Cursillo begins its 3 ½ days of teaching by offering the concept that we all live by an ideal. Our ideal is the combination of ideas, hopes, and preferences that inspire us and motivate us. Our ideal shapes our whole life. It makes us who we are. What is your ideal?
I very clearly remember my first formed thought of an ideal – but I didn’t know that was the name to give it. At high school age I wanted to find a girl whose life I could make better because I would be in it; and who would make my life better because she was in mine.
Years later God had led me to Ruth, and we were married, and we had two daughters. My ideal expanded. I wanted to be the best parent I could possibly be to my kids.
Only a few years later, my ideal expanded again. It didn’t replace any of the other goals, but I learned about a personal relationship with God through Jesus Christ. And my ideal became one of living for God in the way I did all of the other things.
Jesus lost his temper when he walked into the temple courts in Jerusalem. That magnificent structure was understood by Jews to be the center point of God’s presence on earth. Every Jewish male, living anywhere in the world, was expected to make the journey to the Jerusalem Temple at least once every 2 or 3 years, to take part in one of the major festival celebrations. The setting for today’s Gospel reading is the Feast of Passover and Unleavened Bread. It was a huge feast, lasting eight days. Jerusalem was filled with Jews from all over the world. These visitors from out of town needed to buy the animals for sacrifice at the Temple. Even locals would have to buy new animals if the priests decided that their animals were unacceptable for sacrifice because of any imperfections. The Temple tax had to be paid. The Temple priests provided moneychangers who would exchange foreign currency for temple currency, which by regulation could not have the image of any person or animal on it. It was a hectic scene of strangers, animal cages, merchant’s tables, money being exchanged, and people pushing through the confusion to get through the Court of the Gentiles into the Temple to worship. It was into that scene that Jesus came, on his own pilgrimage to the Temple.
The sale of animals and the changing of money were necessary systems to support Temple worship. The sacrifice of animals was required for burnt offerings in the Temple (Leviticus 1 and 3); and the Temple tax could not be paid in Greek or Roman coinage because of the human image on those coins.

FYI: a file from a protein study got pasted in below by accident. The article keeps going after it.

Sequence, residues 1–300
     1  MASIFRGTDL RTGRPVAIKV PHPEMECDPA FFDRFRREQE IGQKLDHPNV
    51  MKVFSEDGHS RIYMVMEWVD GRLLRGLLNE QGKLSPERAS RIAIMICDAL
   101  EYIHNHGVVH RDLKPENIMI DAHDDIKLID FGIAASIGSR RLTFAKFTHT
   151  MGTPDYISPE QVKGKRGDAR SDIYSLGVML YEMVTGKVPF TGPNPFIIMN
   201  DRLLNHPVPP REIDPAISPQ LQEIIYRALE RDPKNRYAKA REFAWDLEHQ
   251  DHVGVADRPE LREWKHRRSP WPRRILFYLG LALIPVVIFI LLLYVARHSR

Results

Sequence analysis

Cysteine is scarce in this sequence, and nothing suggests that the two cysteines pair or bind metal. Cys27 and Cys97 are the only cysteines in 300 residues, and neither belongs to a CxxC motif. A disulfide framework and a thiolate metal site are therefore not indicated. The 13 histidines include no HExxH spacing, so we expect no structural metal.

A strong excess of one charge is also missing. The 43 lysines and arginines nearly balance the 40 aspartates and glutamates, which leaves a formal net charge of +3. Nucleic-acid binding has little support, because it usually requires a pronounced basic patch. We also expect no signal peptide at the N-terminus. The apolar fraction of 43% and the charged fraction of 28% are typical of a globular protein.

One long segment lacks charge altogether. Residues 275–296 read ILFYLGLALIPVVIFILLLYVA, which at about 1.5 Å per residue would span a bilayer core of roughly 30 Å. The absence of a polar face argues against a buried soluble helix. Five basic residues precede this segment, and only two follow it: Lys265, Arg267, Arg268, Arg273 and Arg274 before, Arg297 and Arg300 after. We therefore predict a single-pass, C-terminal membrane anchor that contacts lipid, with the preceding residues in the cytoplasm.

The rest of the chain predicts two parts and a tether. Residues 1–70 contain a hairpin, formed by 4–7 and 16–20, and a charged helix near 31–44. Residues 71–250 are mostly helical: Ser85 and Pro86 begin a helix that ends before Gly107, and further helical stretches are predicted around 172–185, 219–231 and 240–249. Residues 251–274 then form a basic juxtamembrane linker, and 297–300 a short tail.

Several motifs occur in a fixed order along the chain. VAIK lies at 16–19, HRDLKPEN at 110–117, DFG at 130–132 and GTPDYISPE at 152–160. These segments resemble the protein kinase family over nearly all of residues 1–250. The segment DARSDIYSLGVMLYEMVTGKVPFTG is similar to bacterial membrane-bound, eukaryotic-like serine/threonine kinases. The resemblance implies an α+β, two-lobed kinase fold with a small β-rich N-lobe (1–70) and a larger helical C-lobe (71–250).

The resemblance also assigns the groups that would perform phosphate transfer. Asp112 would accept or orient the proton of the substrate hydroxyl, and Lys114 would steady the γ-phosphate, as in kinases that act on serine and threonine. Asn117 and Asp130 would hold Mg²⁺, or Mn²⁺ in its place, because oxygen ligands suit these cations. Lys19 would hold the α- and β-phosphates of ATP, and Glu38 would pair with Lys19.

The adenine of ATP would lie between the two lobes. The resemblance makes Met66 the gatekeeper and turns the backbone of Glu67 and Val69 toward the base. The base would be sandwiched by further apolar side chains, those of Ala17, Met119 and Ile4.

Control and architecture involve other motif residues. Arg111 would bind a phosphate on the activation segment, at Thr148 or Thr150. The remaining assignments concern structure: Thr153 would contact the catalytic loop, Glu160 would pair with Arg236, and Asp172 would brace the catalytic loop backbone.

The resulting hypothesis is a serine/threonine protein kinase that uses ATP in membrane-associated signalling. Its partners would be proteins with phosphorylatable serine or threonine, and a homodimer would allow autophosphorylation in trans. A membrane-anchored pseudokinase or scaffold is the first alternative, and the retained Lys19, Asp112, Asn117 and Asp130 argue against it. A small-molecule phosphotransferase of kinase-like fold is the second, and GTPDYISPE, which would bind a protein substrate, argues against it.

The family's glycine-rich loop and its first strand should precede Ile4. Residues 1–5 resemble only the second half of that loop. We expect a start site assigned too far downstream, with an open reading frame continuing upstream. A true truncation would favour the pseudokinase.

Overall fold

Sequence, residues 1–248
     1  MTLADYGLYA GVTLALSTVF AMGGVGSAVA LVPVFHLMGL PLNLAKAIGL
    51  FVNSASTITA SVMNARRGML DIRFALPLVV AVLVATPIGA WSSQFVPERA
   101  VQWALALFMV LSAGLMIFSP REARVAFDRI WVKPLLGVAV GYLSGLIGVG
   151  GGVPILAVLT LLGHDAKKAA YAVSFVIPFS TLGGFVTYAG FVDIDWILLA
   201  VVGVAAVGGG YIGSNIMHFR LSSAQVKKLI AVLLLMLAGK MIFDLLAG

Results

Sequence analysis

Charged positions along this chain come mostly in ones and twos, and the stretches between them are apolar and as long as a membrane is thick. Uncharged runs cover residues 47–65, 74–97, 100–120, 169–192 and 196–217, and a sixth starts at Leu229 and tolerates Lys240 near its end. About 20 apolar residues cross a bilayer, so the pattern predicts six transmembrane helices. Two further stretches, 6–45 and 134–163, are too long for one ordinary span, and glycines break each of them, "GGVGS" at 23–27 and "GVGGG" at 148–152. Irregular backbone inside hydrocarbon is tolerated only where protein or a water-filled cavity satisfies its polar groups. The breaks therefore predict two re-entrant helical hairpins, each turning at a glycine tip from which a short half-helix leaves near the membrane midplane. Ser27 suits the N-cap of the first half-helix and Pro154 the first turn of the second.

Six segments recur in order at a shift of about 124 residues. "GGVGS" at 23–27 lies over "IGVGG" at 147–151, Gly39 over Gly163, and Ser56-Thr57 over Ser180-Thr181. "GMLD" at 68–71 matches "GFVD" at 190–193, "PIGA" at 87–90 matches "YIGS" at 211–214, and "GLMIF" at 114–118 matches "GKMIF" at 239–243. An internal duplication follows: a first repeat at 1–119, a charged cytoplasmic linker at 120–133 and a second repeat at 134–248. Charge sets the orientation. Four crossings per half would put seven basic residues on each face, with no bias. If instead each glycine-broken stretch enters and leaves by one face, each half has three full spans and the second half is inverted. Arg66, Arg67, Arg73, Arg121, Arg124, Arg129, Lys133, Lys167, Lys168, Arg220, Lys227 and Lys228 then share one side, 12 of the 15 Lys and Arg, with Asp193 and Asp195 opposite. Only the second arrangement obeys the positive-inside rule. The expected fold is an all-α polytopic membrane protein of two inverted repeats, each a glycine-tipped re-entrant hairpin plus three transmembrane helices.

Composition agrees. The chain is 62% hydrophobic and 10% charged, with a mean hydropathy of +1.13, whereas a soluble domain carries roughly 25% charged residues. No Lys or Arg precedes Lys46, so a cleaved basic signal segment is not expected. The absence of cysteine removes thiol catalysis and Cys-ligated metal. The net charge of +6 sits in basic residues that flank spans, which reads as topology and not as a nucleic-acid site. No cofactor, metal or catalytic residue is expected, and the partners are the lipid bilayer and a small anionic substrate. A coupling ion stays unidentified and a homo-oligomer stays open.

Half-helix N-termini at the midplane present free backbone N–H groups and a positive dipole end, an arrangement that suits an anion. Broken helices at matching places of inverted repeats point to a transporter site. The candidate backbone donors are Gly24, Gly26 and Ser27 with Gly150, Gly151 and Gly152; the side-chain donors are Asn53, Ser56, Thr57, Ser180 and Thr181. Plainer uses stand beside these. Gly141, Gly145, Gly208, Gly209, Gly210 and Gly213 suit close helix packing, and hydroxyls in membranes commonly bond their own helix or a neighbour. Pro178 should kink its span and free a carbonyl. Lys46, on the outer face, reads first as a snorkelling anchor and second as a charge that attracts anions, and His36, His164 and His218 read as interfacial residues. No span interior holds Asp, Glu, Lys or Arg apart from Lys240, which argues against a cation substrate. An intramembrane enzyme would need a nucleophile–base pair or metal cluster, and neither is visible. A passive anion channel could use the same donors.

Jesus was not just challenging the abuses of these systems, but he was confronting the system itself. He was attacking the institutional church’s system that had become so ingrained in its own rules and practices that it was no longer open to a fresh revelation from God. The ideal of the institutional church was to maintain itself.
Jesus’ disciples recalled the reading from Psalm 69:9, “Zeal for your house will consume me.” That was David writing about his zeal for God. Jesus’ response to what he saw happening in the temple courtyard was driven by his zeal for God. His life was driven by his zeal for God. His ideal was to live for God.
John’s Gospel says that Jesus became the new presence of God on earth; the new ‘temple’. John 2:21, “21 But the temple he had spoken of was his body.”
Paul said, “Jews demand signs and Greeks desire wisdom, but we proclaim Christ crucified.” Through our faith in Jesus, he offers his Spirit to dwell in us. Scripture describes us as member of Christ’s mystical body.
1 Peter 2:5, “5 you also, like living stones, are being built into a spiritual house to be a holy priesthood, offering spiritual sacrifices acceptable to God through Jesus Christ.”
1 Cor 3:16, “16 Don’t you know that you yourselves are God’s temple and that God’s Spirit dwells in your midst?”
Through our baptism, and our conscious decision to invite Him to be the Master of our life, WE are now the temple of God’s presence.
How does this story of Jesus’ zeal for God challenge you and me in our practices at St Luke’s? If our goal is NOT to maintain the institutional church, but to be the Body of Christ in this place, what ideal do we live by? For St Luke’s that ideal is documented in our Mission Statement. Let’s read it together (from bulletin).
What ideal do you live by? Give it some thought this week.
I pray that this faith community is a place that produces a zeal to live for God. Amen.